Northwestern University

Feb
27
Mon 12:00 PM

Alireza Doostdar: Islam, Spiritual Empiricism, and the Gender of Reason in Iran

When: Monday, February 27, 2017
12:00 PM - 1:30 PM  

Where: Crowe Hall, 4-130 (Fourth Floor, room 130), 1860 Campus Drive, Evanston, IL 60208 map it

Audience: Faculty/Staff - Student - Public - Post Docs/Docs - Graduate Students

Contact: Gina Giliberti  

Group: Global Politics and Religion Research Group (Buffett Institute)

Category: Academic

Description:

Since the early 20th century, Iranians have constructed various pathways for approaching the realm of the "spiritual" in terms that they themselves recognize as rational or even scientific. At the heart of these attempts stands an image of so-called "gullible women," a category of social persons who must be reformed or excluded if rational understanding of the spiritual is to become possible. While the circumstances of Iranian women have undergone drastic transformations over the past century – among other things, they are more educated, publicly visible, and socially active than at any other time in history – the figure of the "gullible woman" still erupts into public discourse from time to time.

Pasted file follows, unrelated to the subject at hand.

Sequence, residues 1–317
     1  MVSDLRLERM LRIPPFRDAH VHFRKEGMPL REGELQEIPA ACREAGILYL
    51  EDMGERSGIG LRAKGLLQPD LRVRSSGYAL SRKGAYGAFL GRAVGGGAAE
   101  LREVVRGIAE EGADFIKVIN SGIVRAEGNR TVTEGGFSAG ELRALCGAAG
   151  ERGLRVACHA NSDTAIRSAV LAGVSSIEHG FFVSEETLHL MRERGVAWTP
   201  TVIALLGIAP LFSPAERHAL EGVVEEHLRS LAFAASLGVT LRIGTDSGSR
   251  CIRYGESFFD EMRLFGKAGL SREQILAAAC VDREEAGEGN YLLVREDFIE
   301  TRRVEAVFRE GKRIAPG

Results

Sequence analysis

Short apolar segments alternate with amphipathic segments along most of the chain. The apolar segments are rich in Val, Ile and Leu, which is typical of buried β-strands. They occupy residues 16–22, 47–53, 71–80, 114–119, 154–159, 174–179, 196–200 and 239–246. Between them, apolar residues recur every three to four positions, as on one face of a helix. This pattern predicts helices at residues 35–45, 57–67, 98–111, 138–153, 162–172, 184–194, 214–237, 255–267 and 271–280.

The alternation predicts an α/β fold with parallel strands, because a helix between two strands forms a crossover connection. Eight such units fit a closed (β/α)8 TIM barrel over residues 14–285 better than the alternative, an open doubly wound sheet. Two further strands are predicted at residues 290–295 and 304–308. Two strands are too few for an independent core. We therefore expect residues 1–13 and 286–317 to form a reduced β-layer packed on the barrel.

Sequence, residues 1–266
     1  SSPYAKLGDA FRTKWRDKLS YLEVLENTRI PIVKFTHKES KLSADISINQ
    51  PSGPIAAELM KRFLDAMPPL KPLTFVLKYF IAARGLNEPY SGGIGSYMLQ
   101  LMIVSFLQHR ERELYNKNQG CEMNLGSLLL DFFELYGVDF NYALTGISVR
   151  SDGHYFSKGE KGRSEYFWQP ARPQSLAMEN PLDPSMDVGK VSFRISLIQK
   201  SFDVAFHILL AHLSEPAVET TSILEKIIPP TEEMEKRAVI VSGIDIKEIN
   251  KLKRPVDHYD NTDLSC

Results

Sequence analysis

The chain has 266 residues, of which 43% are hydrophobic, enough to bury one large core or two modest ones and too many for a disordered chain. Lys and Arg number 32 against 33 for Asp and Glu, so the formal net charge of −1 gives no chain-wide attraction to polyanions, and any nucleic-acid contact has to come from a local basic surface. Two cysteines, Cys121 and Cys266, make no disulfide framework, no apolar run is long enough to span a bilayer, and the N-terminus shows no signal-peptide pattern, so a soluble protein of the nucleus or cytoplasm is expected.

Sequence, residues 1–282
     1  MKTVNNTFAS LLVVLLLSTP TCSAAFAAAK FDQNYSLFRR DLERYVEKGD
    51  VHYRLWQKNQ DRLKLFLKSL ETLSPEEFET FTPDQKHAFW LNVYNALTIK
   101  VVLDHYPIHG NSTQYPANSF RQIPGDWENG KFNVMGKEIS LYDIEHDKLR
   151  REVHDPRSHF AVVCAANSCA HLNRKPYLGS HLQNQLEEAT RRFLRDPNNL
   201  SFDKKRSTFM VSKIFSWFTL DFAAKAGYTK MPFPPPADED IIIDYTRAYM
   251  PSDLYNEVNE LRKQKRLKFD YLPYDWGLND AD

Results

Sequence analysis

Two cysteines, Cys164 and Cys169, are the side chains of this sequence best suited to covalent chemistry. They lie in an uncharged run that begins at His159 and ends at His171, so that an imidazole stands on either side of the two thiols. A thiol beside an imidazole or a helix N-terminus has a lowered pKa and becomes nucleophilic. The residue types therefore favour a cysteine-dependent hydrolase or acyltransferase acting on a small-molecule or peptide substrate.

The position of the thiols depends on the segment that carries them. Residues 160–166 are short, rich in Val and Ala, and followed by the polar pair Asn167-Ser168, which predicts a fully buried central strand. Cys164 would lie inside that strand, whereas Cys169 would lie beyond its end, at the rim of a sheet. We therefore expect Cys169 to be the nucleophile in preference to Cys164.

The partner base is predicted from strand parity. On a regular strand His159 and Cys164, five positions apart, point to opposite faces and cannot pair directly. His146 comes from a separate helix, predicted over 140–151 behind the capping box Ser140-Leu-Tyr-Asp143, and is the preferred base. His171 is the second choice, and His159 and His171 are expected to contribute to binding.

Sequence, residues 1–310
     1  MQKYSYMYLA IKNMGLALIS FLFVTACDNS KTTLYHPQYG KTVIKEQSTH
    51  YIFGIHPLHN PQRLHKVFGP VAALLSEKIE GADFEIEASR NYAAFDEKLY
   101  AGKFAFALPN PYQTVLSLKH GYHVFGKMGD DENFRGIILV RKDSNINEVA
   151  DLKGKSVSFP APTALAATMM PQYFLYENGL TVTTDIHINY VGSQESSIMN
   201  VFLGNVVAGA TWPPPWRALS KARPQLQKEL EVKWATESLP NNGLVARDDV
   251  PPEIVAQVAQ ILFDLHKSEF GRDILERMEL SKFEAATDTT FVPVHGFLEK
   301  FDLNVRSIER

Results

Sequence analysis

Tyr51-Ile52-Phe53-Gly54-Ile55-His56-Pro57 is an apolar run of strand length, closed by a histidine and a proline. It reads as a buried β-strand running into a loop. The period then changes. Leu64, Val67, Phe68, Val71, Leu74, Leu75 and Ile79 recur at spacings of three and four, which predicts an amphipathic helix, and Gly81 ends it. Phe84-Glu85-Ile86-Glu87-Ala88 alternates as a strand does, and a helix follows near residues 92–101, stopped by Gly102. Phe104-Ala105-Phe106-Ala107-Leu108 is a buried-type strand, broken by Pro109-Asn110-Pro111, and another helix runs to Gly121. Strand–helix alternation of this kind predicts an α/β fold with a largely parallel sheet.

Alireza Doostdar will examine this image in relation to a series of shifts in forms of spiritual inquiry and the social contexts within which they are pursued. The "gullible woman," he argues, indexes two very different sets of anxieties at the two ends of the twentieth century. By understanding these anxieties, we can gain analytic purchase on the ways in which hegemonic forms of rationality have been constituted, and the specific challenges and resistances they have engendered.

Alireza Doostdar is an anthropologist of contemporary Islam, focusing on Iran in the 20th and 21st centuries. He specializes in imbrications and entanglements between science and religion, particularly the ways in which modern scientific imaginaries shape people’s conceptions of the supernatural, and therefore their religious beliefs and practices. His current book project, which is based on his dissertation, “Fantasies of Reason: Science, Superstition, and the Supernatural in Iran,” concentrates on these and other processes critical to a more nuanced appreciation of contemporary religiosity in Iran, particularly among the middle class, and also understanding modern state-formation in Iran, both in its secularist and Islamist varieties.

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